Alan Rosenberg, a Florida-based corporate bankruptcy attorney, says it’s “too early to tell” whether clients will recover their funds, although a series of legal decisions in the coming months or years should make the outcome clearer. He says the first question the courts will have to answer is what property the bankruptcy estate owns and whether FTX has “clear legal ownership” of the cryptocurrency traded on its platform, which would determine whether FTX has any or share in these assets. The courts will also have to decide on the different classes of creditors, which may include clients if the judge determines they are unsecured creditors.

“What’s worse is that Sam Bankman-Fried seems to suggest that the firm’s financial statements are generally unreliable,” says Rosenberg. “This means that it may not be possible to determine whose cryptography was used, whose cryptography was not used, and what is left.”

Rosenberg adds that a number of other legal issues could drag out the case for years, including a termination lawsuit, a fraudulent transfer lawsuit, a preference lawsuit, and an insurance lawsuit. “It looks like there are assets,” he says, “but the question is who claims them, what is the priority of these claims, and what additional assets can be sued?”

Read more: The collapse of FTX will have a lasting impact on the African crypto community

The collapse of FTX also drew attention to the unregulated world of cryptocurrencies, an industry that deliberately operates outside of traditional banking and financial regulations. When a traditional American bank fails, the government insures customer deposits, boosting them up to $250,000 through the Federal Deposit Insurance Corporation (FDIC). But at the moment there is no such mechanism for cryptocurrencies.

“We have a growing asset class that is largely unregulated globally,” says Eric Sufer, a partner at Tusk Strategies, where he leads the Crypto and FinTech practice group. “The collapse of FTX is prompting calls for regulators to finally step into the game. We’ve had enough of turf wars in Washington and finger-pointing between the ultimate agency soup over who can do what and when.”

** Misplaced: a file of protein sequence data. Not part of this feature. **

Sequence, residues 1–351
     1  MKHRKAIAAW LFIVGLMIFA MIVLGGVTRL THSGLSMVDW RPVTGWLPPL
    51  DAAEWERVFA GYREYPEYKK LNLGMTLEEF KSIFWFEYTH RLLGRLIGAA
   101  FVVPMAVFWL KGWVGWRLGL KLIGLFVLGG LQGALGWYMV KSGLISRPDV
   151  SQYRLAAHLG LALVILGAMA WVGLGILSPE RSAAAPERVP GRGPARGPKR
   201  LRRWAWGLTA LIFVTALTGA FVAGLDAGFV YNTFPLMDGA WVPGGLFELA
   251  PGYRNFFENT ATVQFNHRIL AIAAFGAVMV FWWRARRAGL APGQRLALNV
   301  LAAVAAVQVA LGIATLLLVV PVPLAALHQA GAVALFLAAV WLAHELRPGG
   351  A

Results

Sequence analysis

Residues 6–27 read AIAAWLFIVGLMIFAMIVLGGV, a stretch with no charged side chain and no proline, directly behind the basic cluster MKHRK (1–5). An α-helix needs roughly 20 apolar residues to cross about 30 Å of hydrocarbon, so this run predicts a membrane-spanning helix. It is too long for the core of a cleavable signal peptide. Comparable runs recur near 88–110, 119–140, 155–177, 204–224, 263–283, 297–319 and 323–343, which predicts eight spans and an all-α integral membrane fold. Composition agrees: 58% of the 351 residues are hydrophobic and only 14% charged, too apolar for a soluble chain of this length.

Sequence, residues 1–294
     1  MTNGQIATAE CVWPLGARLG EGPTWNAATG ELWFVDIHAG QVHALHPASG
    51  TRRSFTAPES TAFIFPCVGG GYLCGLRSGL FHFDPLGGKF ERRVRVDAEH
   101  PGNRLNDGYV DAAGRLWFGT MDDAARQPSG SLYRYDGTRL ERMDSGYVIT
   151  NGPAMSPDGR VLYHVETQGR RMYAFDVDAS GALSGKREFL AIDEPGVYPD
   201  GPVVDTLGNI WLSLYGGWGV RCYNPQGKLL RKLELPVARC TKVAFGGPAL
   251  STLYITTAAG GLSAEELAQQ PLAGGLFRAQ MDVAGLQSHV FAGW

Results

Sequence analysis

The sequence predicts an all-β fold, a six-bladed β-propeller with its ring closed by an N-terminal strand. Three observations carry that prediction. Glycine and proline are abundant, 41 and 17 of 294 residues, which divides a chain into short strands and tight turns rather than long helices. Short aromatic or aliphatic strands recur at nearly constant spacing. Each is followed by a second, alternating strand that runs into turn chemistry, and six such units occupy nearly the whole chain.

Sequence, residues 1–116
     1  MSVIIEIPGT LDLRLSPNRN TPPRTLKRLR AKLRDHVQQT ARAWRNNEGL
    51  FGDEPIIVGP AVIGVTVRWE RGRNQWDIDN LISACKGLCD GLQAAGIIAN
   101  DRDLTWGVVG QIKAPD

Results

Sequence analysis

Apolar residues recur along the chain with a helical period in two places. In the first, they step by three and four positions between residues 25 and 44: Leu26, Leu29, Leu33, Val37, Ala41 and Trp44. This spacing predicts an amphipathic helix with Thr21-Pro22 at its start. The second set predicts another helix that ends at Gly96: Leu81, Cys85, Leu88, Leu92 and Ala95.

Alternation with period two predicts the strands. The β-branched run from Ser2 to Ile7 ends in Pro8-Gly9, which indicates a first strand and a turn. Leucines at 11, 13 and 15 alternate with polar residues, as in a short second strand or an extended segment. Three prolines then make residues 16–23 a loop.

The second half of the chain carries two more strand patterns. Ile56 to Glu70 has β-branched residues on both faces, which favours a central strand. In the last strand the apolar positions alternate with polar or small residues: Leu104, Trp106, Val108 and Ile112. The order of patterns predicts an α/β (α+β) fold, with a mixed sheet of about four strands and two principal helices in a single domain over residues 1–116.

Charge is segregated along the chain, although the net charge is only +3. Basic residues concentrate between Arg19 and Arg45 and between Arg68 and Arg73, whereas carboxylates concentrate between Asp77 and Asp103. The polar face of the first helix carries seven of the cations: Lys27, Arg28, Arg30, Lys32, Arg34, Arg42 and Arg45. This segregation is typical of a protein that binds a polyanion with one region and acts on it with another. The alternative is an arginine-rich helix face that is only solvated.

An effective set of rules will likely give investors more confidence when investing in the currency, crypto experts say, although politicians in Washington are still trying to make sense of the FTX explosion. Sen. Debbie Stabenow, a Michigan Democrat, said the collapse of FTX “reinforces the urgent need for increased federal oversight of the industry” and continues to push the measure through Congress.

Ibrahim, professor of securities law, urged regulators to require that any digital asset be accompanied by both a technical document explaining how the native blockchain works, and a “warning box” that exposes that asset’s potentially dangerous features, a protection that would alert customers . that FTX lends funds to Alameda’s clients.

Of course, any changes in cryptocurrency regulation in the coming months will not help FTX customers recover their funds. The lack of good news is prompting some account holders to sign a class action lawsuit filed last week against Bankman-Fried and FTX-supporting celebrities such as Tom Brady and Stephen Curry as another chance to recoup lost money.

“If I try to sue Tom Brady for my losses on FTX, I can tell that he is an insurer offering securities,” says Ibrahim. “He will be held responsible for this under the securities laws.”